David Ayers wrote and directed
The incredible performances by co-stars
But Ayers adds a welcome dose of great adult humor to offset the graphic reality on the screen. The fast-paced scenes are all heart-pounding and the plot unfolds with ever-increasing tension. This may be the
There will be boredom
So, after viewing the highly touted
As "The Master," Phillip Seymour Hoffman gives an intriguing performance. He exudes confidence, calm and prosperity — on the surface — and assures Freddie Quell (Phoenix) that he can help the troubled man find inner peace.
Some may say that Phoenix is brilliant here, but the tortured, twisted physicality is a distraction. His Freddie is a frightened, frightening animal and it's difficult to see why The Master and his group tolerate having him around.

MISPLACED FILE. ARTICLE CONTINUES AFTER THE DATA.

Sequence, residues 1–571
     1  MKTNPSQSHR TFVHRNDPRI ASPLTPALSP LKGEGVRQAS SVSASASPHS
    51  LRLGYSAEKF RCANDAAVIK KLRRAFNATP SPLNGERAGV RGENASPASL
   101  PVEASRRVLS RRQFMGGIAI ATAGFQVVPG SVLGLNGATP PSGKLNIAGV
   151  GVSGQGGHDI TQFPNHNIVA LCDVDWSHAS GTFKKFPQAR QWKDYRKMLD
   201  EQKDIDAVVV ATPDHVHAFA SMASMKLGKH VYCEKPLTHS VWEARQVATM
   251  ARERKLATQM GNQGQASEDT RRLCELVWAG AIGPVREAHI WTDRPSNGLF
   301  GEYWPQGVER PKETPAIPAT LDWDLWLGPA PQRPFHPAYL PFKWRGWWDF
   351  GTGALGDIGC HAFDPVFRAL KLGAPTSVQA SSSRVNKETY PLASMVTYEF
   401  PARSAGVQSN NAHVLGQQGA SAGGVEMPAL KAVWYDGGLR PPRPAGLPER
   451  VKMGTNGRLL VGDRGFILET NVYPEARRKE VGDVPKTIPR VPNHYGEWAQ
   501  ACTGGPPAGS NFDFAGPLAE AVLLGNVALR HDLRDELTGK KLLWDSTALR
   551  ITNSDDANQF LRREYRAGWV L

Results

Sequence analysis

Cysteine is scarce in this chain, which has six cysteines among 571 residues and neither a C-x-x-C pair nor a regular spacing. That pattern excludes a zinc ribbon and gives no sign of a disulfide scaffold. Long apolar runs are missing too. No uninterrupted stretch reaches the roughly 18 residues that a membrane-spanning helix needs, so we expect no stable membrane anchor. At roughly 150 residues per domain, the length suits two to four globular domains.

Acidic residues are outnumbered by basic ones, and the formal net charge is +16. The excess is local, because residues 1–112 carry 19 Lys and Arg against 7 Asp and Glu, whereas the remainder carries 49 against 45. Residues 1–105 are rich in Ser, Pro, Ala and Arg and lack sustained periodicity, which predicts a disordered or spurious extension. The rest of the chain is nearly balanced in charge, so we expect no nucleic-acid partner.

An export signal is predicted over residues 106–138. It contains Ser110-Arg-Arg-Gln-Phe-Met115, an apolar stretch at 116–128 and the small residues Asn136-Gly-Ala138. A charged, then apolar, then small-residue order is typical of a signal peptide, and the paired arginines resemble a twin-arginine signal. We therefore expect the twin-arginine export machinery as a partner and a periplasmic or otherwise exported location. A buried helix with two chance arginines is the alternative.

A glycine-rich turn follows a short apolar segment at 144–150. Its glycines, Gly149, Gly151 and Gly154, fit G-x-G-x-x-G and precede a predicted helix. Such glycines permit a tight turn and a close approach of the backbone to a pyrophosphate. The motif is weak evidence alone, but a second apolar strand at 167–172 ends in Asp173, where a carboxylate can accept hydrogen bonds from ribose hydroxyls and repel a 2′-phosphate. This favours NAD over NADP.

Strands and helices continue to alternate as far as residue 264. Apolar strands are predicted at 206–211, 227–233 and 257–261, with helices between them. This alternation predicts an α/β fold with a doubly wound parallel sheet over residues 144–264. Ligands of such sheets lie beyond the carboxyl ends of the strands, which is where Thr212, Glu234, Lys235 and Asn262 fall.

Amy Adams is excellent as the ever-smiling wife of The Master. Hands folded demurely in her lap, she is a force stronger than her husband.
Beautiful photography and music throughout this movie are soothing counterpoints to the perplexing, frustrating chaos that is "The Master" itself. As an art form, it may be a great film but as a story, it feels pointless and self-indulgent.
JOHN DEPKO is a retired senior investigator for the Orange County public defender's office. He lives in Costa Mesa and works as a licensed private investigator.